Broken LinkBy Michelle Erica Green
Posted at January 13, 2004 - 10:26 AM GMT
See Also: 'Broken Link' Episode Guide
Odo becomes critically ill and the female changeling who has been a spokesperson for the Founders arrives to tell him that he must return to their planet to face judgement for the crime of killing another shapeshifter, an unprecedented act. While Sisko waits, the Dominion leaders decide that Odo is no longer one of them, and give him what they claim he most desires...they make him a solid, a human with the artificial face of a changeling.
First Worf, almost Dax, then Quark, most of Kira, and now Odo. By this time next season, there my not be a single alien living on DS9. Oh, sure there will still be characters with pointy ears and bumpy foreheads...but everyone will be human.
I'm reminded of one of my least favorite moments in Trek history, in one of the late TOS films, when the aging and defensive James T. Kirk informed Spock that "everyone's human," and Spock responded that he found such a comment insulting. DS9's unrelenting message these this season has been that we don't really have anything to learn from outsiders, because deep down they're just the same as us. And that's a really sad place for the Roddenberry legacy to have gotten to.
There was a lot to like about his episode on its own merits. Great character work on Odo and Garak and a setup which will probably involve intergalactic intrigue, space battles, a shakeup in the universe as we know it during next season's opener. With the exception of his paternalistic attitude toward pregnant Kira - a slight improvement over Kira the Cocktail Hostess, but still a stereotypical female not permitted to do any real work - Sisko had a very strong episode, as did Bashir.
My quarrel with DS9 during this episode, and all season, has little to do with the strength of the plots or the panache of the dialogue. I just feel like we've been in an alternate universe, where nobody thinks or acts quite the same way they did in previous season or on previous Treks. No big surprise that the Founders came back for Odo, nor that they've been spying on him all along...no big surprise that they threw him out of the Great Link, either. The moment when Odo emerged naked and fully human from the primordial soup was very effective, but pathetically short. I wanted to know what went on during that link, what Odo tried to communicate and what the Founders used as basis for judgment.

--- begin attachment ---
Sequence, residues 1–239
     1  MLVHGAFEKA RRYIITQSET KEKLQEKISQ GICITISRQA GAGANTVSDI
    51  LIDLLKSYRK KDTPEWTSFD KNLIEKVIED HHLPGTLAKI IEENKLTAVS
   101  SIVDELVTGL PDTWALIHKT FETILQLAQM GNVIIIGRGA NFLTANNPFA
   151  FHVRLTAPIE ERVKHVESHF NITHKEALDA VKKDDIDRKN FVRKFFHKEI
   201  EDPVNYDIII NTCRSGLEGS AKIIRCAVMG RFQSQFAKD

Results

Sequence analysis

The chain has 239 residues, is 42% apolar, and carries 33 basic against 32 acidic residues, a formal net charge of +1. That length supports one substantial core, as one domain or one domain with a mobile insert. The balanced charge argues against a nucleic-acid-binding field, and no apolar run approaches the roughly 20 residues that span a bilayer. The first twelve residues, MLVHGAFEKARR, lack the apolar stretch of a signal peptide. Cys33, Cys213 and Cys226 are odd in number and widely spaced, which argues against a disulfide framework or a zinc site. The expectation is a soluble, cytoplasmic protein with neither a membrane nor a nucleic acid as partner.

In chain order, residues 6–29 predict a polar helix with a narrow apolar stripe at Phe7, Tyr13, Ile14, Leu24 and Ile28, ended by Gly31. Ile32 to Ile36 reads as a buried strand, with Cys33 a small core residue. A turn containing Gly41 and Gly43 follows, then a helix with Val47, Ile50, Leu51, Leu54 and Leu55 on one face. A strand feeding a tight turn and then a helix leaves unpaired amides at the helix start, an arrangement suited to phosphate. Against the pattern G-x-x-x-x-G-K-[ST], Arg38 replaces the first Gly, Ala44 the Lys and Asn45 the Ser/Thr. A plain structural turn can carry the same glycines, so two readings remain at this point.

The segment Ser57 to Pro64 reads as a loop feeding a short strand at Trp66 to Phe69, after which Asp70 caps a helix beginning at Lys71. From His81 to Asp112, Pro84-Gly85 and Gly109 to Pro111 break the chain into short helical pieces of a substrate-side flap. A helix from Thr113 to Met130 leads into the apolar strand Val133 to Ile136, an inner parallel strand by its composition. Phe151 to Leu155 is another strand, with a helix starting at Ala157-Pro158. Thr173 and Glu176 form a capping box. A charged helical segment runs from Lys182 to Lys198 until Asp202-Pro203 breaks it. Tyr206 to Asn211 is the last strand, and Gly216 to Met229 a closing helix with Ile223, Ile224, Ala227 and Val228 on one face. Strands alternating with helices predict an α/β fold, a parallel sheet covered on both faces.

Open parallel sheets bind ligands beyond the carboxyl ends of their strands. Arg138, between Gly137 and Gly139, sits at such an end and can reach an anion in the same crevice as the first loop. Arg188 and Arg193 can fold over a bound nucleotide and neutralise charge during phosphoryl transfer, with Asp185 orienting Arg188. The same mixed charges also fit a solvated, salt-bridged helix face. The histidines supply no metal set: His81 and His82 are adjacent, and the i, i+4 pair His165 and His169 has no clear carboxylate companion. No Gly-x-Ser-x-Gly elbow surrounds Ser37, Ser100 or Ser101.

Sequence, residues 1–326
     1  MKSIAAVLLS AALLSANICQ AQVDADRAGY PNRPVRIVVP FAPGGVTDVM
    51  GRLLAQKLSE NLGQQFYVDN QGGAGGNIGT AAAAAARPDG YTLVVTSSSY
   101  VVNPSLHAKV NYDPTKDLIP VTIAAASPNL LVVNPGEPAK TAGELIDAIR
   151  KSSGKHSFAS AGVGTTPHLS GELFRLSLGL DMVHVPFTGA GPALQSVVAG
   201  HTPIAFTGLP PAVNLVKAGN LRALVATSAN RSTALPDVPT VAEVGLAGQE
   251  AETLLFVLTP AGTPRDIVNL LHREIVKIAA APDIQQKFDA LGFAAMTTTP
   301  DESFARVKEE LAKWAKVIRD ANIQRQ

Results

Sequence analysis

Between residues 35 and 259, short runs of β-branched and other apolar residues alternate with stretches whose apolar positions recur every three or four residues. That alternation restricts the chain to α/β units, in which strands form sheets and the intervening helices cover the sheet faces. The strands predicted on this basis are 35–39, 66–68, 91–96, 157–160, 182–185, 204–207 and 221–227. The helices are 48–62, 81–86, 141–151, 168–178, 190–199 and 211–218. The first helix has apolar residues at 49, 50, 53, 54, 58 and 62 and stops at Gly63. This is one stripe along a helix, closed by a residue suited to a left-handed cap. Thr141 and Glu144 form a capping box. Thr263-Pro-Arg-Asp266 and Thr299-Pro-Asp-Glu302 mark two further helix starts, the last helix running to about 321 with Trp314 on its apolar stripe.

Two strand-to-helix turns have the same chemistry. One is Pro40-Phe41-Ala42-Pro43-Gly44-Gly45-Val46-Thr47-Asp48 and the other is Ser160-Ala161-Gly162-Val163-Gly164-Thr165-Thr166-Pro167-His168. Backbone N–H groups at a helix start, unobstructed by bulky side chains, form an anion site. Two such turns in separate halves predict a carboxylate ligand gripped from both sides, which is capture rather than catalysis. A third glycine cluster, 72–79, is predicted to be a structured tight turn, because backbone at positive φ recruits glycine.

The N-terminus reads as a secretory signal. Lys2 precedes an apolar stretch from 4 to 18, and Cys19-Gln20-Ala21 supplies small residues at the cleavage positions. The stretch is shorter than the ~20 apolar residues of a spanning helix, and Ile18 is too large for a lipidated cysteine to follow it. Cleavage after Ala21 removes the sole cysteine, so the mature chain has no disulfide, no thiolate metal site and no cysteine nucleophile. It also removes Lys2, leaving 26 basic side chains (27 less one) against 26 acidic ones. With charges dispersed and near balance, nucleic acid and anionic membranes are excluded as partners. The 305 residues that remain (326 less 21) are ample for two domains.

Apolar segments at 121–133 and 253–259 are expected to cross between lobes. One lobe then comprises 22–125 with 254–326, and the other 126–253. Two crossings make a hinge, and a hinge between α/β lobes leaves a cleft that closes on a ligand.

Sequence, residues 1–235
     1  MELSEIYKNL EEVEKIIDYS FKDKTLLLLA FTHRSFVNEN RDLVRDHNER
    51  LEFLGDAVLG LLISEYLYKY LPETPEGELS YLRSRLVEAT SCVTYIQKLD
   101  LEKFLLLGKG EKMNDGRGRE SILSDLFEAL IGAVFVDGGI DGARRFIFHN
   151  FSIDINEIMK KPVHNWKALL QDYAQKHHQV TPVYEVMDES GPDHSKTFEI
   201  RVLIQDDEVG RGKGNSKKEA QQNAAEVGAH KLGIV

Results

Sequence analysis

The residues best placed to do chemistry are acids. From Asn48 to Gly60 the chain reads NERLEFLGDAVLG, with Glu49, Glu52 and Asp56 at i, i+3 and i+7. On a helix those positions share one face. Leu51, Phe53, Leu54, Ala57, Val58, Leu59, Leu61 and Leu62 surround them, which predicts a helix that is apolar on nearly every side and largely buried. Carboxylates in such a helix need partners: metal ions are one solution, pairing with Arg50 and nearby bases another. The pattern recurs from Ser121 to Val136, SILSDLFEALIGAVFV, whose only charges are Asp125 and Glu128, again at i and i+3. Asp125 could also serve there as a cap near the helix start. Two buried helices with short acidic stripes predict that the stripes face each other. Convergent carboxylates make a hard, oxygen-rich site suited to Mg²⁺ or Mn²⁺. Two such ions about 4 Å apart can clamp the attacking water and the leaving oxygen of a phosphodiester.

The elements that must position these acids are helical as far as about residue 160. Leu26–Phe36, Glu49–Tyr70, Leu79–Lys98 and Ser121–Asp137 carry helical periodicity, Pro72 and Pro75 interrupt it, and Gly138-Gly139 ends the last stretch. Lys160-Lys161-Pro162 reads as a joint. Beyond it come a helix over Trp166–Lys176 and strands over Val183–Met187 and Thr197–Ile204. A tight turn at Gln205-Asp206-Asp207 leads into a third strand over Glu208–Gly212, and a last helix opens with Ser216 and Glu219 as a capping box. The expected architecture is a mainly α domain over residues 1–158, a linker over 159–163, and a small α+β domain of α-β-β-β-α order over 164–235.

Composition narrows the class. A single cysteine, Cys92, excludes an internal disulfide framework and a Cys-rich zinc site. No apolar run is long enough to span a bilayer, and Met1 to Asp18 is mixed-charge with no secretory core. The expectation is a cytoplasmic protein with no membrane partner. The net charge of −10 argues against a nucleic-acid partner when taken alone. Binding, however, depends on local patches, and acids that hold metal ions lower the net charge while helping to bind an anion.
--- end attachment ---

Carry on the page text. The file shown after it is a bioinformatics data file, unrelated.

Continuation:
But that would have required that the producers fully think out the alien society and alien attitudes, which they have been loath to do for any of the races on this generation of Trek. It's much easier to have Quark break ties with the Ferengi, to make Worf half-human, to make Data want to be human, than to work at developing an entirely different and still positive alternate perspective. Of any hostile aliens on recent Treks, the changelings are the most DIFFERENT, much more so than the Cardassians and even more than the Borg who have a similar collective consciousness to the Great Link. If only this episode had taken time to explore those differences, instead of rushing back to the Cardassian-Klingon war plots and Dax's endless cliched gender jokes.
It seems likely that, with Odo as one of "us" now, the possibility of that difference being explored as anything other than a source of conflict is gone for good. That's a real waste - just as it's a pity the Klingons have disowned Worf and the Ferengi have disowned Quark, just as it's ridiculous to see Kira living as domestic help with the O'Briens when she used to be a leader of Bajor, just as it's a shame Dax was willing to abandon her whole species for love of one. I found Garak's passionate pro-Cardassian action very refreshing, in this season-ender which wrapped up a season of the humanization of DS9.
Will Odo find solace in the arms of another Bajoran woman, not the one he loves but the one he can have? Why not, since all species and all people are becoming interchangeable? Why worry about the Borg threat, when the Alpha Quadrant is slowly falling victim to an even more insidious assimilation, where race and species are meaningless compared to the supposed universal desires for food, sex, and pleasure?
Sigh. I miss Deep Space Nine.
Michelle Erica Green reviews 'Enterprise' episodes for the Trek Nation, for which she is also a news writer. An archive of her work can be found at The Little Review.